Under construction just blocks from where we were, however, are new builds made for short-term rentals that bastardize all distinguishing features of old New Orleans. The grilles are fake. The palettes are contrived. The houses are cheap monstrosities, profitable piggy banks for the out-of-state investors who enjoy the idea of an out-of-sight moneymaker. 

But worse than that, these investments are driving people out of their homes. Look at the historic neighborhood of Treme (yes, like the HBO show, and the birthplace of jazz), where long-term residents have been swept out by tourists looking for an “authentic” creole experience. Now, 45% of the land parcels there belong to short-term rentals.

Told you there was Monopoly.

So, New Orleans banned full-unit short-term rentals when an owner isn’t present on the property. It’s not the only city trying to tamp down the explosion, as even small Michigan towns are looking for answers: East Bay Township in Grand Traverse County, for example, has put a temporary pause on short-term rental licenses, and may consider further action. 

“I’m so concerned about what’s happening in our neighborhood I could cry,” one resident said, as quoted by UpNorthLive, at a local trustees meeting.

At this point of the article, it’s worth noting that this isn’t a Republican-Democrat issue or a rural-urban divide. In fact, a bipartisan Michigan bill passed by the state House and yet to be considered by the Senate seeks to ban locales from banning Airbnbs, and the vote tally shows assent and dissent both cross party lines. 

You read that right. State legislators want to stop cities and towns from banning Airbnbs—claiming that it infringes on property owners’ rights, never mind elected local officials’ voiced concerns. But aside from property rights, cash rules everything around us, and Michigan properties generate cream-of-the-crop profits worth more than residents’ tears. With a 6% slice of the pie, levied as a use tax, the state shares in the wealth off of every booking.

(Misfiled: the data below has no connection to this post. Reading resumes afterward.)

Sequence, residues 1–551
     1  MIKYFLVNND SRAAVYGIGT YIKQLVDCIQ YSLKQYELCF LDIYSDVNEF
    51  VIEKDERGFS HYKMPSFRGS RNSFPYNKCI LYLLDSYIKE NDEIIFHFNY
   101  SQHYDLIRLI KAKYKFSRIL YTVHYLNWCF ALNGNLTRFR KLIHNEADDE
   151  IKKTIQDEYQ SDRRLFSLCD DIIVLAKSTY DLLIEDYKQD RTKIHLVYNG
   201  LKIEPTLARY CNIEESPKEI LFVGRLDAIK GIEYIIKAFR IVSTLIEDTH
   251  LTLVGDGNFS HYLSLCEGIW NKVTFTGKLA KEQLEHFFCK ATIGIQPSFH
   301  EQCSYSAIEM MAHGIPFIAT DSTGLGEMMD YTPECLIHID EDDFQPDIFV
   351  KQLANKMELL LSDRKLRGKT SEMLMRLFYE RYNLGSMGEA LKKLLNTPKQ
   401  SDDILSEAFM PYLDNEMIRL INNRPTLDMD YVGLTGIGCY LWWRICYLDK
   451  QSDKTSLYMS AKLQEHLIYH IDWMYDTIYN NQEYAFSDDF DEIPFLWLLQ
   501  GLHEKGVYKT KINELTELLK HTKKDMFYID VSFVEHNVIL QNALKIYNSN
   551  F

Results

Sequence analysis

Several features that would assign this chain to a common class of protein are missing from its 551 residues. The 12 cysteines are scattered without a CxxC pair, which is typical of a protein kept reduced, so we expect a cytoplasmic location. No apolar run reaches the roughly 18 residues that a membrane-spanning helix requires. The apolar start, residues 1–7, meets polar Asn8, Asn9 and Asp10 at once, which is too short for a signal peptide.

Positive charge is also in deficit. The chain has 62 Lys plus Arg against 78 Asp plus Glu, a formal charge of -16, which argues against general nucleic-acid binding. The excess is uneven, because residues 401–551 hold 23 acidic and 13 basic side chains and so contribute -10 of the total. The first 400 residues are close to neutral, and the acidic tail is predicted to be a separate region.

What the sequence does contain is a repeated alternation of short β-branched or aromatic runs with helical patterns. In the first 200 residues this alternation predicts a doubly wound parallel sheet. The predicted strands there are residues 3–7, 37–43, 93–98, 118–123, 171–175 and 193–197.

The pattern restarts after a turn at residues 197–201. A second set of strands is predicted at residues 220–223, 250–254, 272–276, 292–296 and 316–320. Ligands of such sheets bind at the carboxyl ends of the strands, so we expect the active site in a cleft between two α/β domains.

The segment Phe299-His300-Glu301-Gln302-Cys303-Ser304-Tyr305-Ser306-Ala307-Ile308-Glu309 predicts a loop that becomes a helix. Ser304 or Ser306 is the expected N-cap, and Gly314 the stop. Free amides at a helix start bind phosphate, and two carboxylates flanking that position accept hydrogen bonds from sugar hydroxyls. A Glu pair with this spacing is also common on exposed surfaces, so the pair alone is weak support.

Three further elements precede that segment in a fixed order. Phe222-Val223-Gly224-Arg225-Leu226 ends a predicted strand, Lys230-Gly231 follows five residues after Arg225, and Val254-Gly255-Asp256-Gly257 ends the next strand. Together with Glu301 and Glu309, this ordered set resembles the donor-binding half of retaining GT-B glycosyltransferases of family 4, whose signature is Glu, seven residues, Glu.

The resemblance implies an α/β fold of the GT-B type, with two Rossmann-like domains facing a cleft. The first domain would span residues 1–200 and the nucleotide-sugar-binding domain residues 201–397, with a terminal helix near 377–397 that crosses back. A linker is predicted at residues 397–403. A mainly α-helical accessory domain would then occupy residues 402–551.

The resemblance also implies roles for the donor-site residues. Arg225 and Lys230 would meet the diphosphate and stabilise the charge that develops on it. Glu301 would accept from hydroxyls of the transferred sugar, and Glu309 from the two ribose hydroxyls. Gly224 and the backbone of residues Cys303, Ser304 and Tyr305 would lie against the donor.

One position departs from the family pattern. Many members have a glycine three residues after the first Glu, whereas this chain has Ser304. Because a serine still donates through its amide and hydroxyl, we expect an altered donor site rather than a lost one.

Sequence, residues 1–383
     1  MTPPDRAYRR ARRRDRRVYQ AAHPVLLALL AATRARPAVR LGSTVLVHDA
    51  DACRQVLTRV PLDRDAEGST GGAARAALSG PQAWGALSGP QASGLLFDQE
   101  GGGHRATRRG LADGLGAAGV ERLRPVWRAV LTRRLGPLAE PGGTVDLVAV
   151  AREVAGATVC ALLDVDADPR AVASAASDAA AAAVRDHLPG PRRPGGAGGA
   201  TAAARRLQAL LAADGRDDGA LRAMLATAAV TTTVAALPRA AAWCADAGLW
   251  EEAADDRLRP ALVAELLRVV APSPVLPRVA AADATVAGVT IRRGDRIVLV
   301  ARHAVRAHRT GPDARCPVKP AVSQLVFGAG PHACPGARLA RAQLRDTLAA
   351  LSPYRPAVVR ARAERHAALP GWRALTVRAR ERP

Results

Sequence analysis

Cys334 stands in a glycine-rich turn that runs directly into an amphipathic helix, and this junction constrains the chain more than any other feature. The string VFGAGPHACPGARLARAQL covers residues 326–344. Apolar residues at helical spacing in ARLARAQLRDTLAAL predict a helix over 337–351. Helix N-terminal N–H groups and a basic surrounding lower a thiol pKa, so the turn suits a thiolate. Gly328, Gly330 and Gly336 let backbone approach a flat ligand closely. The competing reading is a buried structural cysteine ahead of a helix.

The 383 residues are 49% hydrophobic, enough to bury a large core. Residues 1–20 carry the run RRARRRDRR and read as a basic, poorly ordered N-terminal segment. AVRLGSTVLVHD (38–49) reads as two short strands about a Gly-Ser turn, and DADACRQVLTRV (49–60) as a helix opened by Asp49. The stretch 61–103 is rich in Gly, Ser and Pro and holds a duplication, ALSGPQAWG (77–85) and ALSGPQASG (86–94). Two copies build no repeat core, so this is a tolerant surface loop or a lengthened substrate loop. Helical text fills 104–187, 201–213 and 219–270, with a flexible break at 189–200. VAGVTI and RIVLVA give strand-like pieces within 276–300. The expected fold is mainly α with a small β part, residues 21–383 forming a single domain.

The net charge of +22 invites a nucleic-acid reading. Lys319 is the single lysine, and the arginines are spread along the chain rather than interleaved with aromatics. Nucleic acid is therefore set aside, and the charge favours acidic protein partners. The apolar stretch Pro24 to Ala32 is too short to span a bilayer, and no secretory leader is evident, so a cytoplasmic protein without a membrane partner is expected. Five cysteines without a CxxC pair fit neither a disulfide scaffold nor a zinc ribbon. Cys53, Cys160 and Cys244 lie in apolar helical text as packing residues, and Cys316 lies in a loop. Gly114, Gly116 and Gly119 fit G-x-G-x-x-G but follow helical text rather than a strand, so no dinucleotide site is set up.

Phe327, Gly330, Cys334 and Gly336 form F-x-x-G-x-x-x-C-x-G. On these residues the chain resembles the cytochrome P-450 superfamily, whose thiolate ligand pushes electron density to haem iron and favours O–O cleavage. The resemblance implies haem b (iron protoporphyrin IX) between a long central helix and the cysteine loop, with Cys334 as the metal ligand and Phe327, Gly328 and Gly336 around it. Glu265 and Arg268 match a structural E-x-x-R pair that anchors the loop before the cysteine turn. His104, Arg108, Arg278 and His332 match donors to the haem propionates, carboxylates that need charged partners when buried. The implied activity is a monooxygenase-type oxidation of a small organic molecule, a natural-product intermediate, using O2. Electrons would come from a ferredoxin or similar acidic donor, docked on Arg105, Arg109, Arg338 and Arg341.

In May, Airbnb published their earnings reports for Michigan properties. The numbers were massive. Since the pandemic began, Airbnb has expanded into more than 30 new Michigan towns and cities, the company stated, a large number considering the prior ubiquity of offerings. 

Good for those who have capitalized on the model and made it work to supplement their lake-front home or cash in on an empty-nest bedroom. But bad for those who have been forced out of a place they’ve rented for years and those who see their neighborhood change before their eyes, from a tight-knit, everyone-knows-everybody sort of place to an endless parade of suitcases.

Even if the Michigan bill stalls out permanently, enforcing full-residence bans is already difficult, because Airbnb has no incentive to offer data to the city officials who are tasked with oversight. While big-money investors can afford to gobble up open properties (See, which breaks down who owns these rentals—no surprise that it’s often not mom-and-pop shops), the rest of the neighborhood and residents nearby have to deal with the consequences, economic and intrinsic. 

The Airbnb business might not have any more faults than, say, a national hotel chain, but its impact spreads through communities that the hotel chains haven’t homed in on. That includes parts of Pure Michigan, like Traverse City, Mackinaw City, and New Buffalo.

A final contrast between the bed and breakfasts of air (that’s a double entendre) and the bed and breakfasts of old: While one cheapens old homes with tawdry features, tasteless expansions, and dorm-room furniture, the other enriches them.

Michigan is a state in special regard for the wide distribution and diversity of Queen Annes and 19th-century Victorians, stretching from Detroit to Houghton (a quick Google search will show you a bed and breakfast there, too–if you visit, please drop me a line). Bed and breakfasts give these mansions life and value in ways that benefit the on-site owners, their guests, and their community. 

The Garfield Inn in Port Austin, another bed and breakfast. Photo credit: Fsendek/Shutterstock

Airbnb, at its best, can fulfill that vision. But it requires owner investment and constant attention that realistically isn’t there far too often.

The Port Austin Bed and Breakfast, where my girlfriend and I had our memorable stay, was up for demolition before the current owners decided to take it on full-time. Now, it stands proudly in its historic and well-loved glory, visible in a fresh coat of paint to all who drive down state highway 53. 

So please, consider a bed and breakfast. An actual one. 

It will, guaranteed, awaken a whimsy of old-school life from your childhood. You’ll suddenly find yourself in the mood for Monopoly, Solitaire, and Euchre.

And breakfast. You’ll become a breakfast person. 

The screenshot shows the Port Austin Bed and Breakfast being renovated, prior to its becoming a b&b. Photo credit: Google Maps.